Supposed upcoming Rolleiflex camera turns out to be fake news

photo of rolleiflex camera

As reported by Fstoppers, a recent “Coming Soon” tweet about an upcoming Rolleiflex digital camera emerged, but ended up being disappointingly fake.

While many photographers would no doubt love to see a new digital TLR version of a Rolleiflex twin-lens camera emerge, the Twitter publicity about its impending release was just too good to be true.

As it turned out, a college student named Josh Knox had made the product post as a “study on the world of product pirating and the spread of misinformation on the internet,”

Whether his experiment was a failure or success would depend on how you look at his motives, but it certainly took off when it initially appeared. The Twitter post went viral and was quickly picked up by a bunch of different websites.

 Many photographers got excited about the idea of these unique historical cameras being given a modern rebirth and members of the general public did too.

The “Coming Soon” post hinted that a digital Rolleiflex would start shipping in April of 2023 and got hundreds of retweets along with more than 120,000 views.

Twitter image

Comments on the tweet were all over the place, with some coming from seriously excited people who couldn’t wait to buy the device and others quickly guessing it was a hoax but having their comments largely ignored.

Eventually, after seeing a potential legal and social media problem with false advertising and misuse of a still-active brand name, Knox decided to spill the beans about his misdirection.

He then posted a follow-up tweet called “My Apology” in which he explained that he’d made up the post for academic reasons.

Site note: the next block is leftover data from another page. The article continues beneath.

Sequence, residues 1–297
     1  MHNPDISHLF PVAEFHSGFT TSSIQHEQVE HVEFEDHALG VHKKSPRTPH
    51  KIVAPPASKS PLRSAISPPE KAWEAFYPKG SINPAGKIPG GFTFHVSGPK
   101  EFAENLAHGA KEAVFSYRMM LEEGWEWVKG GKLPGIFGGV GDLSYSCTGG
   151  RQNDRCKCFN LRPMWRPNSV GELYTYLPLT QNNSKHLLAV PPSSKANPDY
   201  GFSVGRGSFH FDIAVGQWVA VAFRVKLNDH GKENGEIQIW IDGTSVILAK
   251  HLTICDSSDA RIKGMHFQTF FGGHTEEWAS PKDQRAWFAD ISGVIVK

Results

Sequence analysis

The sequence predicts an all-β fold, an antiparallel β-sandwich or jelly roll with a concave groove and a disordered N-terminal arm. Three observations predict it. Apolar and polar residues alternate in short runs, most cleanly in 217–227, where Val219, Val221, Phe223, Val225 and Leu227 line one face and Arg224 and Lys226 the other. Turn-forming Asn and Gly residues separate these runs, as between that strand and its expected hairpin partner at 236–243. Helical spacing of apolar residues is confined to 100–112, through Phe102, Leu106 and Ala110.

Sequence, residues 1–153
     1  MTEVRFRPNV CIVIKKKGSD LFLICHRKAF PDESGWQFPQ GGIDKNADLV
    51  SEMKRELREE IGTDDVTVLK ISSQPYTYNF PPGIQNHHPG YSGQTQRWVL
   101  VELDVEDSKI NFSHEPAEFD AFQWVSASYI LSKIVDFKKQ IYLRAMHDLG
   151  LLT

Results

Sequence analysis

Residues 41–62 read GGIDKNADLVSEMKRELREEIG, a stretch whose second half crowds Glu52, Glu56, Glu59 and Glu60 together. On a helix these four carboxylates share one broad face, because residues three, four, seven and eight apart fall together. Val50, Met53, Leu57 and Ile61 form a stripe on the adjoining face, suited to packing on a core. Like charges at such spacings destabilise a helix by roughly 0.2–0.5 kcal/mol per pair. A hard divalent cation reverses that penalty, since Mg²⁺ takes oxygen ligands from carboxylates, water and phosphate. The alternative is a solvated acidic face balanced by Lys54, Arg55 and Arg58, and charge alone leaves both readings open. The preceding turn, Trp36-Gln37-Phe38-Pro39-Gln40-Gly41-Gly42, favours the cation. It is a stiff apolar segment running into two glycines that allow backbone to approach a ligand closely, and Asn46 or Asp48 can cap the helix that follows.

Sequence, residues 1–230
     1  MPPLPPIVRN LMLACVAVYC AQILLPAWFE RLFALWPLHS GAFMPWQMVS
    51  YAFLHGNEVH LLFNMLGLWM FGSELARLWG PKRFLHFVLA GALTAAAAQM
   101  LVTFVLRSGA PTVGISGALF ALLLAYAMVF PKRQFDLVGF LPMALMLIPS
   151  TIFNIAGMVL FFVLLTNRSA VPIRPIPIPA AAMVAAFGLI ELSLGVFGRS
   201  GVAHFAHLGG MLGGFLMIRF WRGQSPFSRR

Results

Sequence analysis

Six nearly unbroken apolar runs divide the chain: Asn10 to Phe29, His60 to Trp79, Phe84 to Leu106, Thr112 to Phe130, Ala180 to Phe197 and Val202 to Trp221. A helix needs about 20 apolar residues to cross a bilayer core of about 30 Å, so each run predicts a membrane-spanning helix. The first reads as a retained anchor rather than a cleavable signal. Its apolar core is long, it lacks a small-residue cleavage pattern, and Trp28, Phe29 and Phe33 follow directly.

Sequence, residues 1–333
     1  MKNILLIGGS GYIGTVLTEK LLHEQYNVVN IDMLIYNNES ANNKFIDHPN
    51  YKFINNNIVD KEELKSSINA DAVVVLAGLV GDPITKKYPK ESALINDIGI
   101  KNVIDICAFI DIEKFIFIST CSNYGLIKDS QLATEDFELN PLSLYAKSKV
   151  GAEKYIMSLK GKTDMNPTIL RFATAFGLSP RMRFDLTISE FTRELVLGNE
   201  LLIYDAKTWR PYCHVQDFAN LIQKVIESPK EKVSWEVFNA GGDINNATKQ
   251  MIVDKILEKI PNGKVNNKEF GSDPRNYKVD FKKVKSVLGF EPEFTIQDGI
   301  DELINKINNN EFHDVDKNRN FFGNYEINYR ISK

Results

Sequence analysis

According to the student, “I never expected the project to grow into what it did.” Well oops.

He also explained that he didn’t even realize Rollei is still operational and maintains full ownership of its branding. Thus, using their name for his fake “Official Rolleiflex” Twitter handle could have even exposed him to a lawsuit or at least a possible Twitter ban.

In reality, the Rollei brand hasn’t made a new camera since 2014, though they continue to produce assorted photographic equipment.

Knox later changed the Twitter handle to “Fans of Rolleiflex” when he released his apology tweet and hasn’t suffered any major blowback since.

With all that said, a digital twin-lens Rolleiflex really would be one seriously awesome thing to see. Hopefully, someone high up in the company took note of how viral this little college experiment went and started making some new product plans…

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Shotkit Journalist, Writer & Reviewer

Stephan Jukic is a technology and photography journalist and experimental photographer who spends his time living in both Canada and Mexico. He loves cross-cultural street photo exploration and creating fine art photo compositions.

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